EMDR

A client’s personal account of their experience with EMDR: “EMDR is a paradox. The mind tells you to be scared because it is still in protection mode, so to face the trauma seems like it would kill you to relive it when in fact the trauma itself is already killing you. The only true way to know what life should have been if the trauma never happened is to do the work (EMDR) and get the results to find one’s self and true happiness.” – JS

Description of EMDR therapyhttps://emdria.site-ym.com/?120
To Lose Control (Video depicting EMDR): https://vimeo.com/63334346
How EMDR workshttps://youtu.be/hKrfH43srg8gs

When a disturbing event happens, it is possible that the memory may get stored in the brain improperly resulting in feeling like the event is either going to happen again or re-occurring at this exact moment. If another event occurs that is triggering or similar, the brain is reminded of the initial event causing the brain to react as it did initially.  

Through the use of EMDR, the memory is stored a in more functional part of the brain that recognizes the event as occurring in the past. As pictured, a real physical change happens as a result of EMDR.  After a memory is processed, it no longer elicits distressing feelings and thoughts. The memory is able to be recalled without distress, and the person is able to live in the present without the past interfering.

TYPES OF COGNITIVE DISTORTIONS OR THINKING DISTORTIONS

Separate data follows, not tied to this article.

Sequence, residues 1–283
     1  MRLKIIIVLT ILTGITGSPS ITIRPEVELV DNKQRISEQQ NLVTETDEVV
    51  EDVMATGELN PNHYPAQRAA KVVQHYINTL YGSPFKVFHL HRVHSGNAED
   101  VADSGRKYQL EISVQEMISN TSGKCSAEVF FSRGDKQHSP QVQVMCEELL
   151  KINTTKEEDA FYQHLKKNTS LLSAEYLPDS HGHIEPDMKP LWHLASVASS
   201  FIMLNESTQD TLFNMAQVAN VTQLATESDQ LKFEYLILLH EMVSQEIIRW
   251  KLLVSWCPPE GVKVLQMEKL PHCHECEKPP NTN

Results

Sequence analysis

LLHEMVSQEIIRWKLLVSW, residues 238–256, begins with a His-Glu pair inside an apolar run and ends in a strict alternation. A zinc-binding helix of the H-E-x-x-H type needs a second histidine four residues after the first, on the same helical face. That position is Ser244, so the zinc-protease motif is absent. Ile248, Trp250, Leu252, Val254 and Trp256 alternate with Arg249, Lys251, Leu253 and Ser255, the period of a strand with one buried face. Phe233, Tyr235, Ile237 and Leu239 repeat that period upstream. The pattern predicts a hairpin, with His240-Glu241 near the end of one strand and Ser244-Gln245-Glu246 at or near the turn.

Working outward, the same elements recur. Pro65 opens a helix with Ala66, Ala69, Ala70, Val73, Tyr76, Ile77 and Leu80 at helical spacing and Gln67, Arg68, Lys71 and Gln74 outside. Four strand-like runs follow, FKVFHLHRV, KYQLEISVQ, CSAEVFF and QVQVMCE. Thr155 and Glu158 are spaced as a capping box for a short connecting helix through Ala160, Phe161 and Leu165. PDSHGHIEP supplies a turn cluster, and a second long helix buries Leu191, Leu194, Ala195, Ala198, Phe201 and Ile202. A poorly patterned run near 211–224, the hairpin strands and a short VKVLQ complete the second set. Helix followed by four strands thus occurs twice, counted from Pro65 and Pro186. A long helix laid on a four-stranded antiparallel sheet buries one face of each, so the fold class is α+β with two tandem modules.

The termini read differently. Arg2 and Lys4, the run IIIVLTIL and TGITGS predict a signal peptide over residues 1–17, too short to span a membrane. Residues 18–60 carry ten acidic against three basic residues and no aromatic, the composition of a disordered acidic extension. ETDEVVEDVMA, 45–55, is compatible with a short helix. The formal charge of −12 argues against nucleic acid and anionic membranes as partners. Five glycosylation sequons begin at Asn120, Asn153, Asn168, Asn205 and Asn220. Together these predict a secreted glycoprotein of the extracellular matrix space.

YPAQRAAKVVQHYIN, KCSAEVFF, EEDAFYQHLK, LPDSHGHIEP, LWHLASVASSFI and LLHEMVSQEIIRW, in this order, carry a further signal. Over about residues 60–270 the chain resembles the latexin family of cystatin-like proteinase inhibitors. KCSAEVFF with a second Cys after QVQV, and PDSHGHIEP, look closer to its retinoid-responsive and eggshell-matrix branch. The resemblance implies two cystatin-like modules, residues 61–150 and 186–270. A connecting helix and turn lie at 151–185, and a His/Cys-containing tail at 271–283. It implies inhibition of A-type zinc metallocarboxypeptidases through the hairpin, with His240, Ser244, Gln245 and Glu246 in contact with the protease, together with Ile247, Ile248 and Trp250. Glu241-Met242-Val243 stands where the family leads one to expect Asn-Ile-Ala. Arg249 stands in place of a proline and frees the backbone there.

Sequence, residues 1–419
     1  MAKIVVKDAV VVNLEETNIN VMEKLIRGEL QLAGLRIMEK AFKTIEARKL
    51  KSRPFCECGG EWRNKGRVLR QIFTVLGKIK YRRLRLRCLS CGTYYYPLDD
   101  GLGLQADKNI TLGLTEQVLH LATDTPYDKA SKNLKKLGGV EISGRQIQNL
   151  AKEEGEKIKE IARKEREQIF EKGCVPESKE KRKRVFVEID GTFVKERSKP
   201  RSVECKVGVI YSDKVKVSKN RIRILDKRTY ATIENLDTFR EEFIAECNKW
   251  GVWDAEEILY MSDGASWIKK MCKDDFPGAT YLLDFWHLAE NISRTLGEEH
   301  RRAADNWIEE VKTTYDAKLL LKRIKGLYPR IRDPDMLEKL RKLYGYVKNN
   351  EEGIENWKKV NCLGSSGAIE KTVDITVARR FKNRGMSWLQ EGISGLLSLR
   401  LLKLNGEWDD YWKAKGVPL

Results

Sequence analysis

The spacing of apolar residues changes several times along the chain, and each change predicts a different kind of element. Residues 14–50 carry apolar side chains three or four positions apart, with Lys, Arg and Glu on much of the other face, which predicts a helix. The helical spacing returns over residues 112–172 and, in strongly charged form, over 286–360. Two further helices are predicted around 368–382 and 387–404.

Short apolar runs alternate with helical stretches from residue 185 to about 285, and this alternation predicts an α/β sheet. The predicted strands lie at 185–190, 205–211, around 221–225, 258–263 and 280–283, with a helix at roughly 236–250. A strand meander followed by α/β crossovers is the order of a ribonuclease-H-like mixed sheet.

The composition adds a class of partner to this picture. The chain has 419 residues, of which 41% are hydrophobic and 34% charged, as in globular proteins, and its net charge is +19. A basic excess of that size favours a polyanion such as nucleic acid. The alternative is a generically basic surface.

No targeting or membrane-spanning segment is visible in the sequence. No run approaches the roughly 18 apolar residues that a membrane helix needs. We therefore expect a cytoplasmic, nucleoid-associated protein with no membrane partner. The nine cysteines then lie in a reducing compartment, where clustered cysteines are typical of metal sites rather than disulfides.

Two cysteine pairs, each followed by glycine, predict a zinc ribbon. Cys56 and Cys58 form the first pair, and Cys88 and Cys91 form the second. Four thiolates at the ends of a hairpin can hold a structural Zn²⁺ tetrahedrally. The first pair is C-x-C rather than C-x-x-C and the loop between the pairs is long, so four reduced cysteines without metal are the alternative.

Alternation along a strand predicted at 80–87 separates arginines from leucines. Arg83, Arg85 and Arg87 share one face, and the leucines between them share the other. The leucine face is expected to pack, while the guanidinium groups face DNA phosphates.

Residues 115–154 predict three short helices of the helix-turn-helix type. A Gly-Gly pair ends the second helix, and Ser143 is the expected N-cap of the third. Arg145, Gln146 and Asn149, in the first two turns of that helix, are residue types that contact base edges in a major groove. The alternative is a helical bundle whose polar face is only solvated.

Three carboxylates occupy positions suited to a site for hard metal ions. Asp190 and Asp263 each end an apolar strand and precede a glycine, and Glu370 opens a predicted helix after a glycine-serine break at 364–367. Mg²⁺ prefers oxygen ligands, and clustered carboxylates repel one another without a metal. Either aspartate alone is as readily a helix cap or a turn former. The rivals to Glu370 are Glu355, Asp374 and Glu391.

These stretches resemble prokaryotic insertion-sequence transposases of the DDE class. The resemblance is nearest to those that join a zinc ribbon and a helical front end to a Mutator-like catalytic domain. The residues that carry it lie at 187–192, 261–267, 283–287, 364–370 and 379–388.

1. Overgeneralizing – You see a constant, negative pattern based on one event. “I messed up on the job interview; I’ll never get a job.”
  2. Blaming/Denying – You blame others for your problems or mistakes OR you blame yourself when it wasn’t entirely your fault. “I drink because of my ex-husband.”
  3. Shoulds – You have a rigid code of conduct dictating how you and others should behave. You criticize yourself harshly when you fail to follow these rules. “I never should have dated him.”
  4. All or nothing thinking – You see things as absolutes, no grey areas. “I’m always late.”
  5. Negativity bias – You notice all of the negatives, but fail to notice the positives. “Everything in my life sucks. I’m out of work. My car payment’s late. My pants are too tight. My cat peed on the carpet.”
  6. Catastrophizing – You expect the worst. “I was late on the rent. I’m going to be evicted.”
  7. Labeling – You label yourself negatively. “I made a mistake therefore I’m a failure.”
  8. Magical thinking – You think everything will be better when ____ (you’re thinner, smarter, richer, get a new job, etc). “I’ll meet a new guy as soon as I lose 20 lbs.”
  9. Over-personalizing – You make things personal, when they aren’t. You believe other people’s opinions are facts. You think what other people do/say is in reaction to you. “My wife complains about the high car payment. I take this as a criticism that I paid too much.”
  10. Mind reading – You make assumptions about what others are thinking. “I didn’t get the job because I’m too old.”
  11. Double standard – You hold yourself to a higher standard than everyone else. “I’m happy when my boyfriend gets a B, but I expect myself to get straight A’s.”
  12. Fallacy of fairness – You think things should work out according to what you think is fair. “If my boss valued me, he’d give me a raise.”
  13. Emotional reasoning – You think your feelings are reality. “I feel guilty for saying “no”, so I must have been wrong to set that boundary.”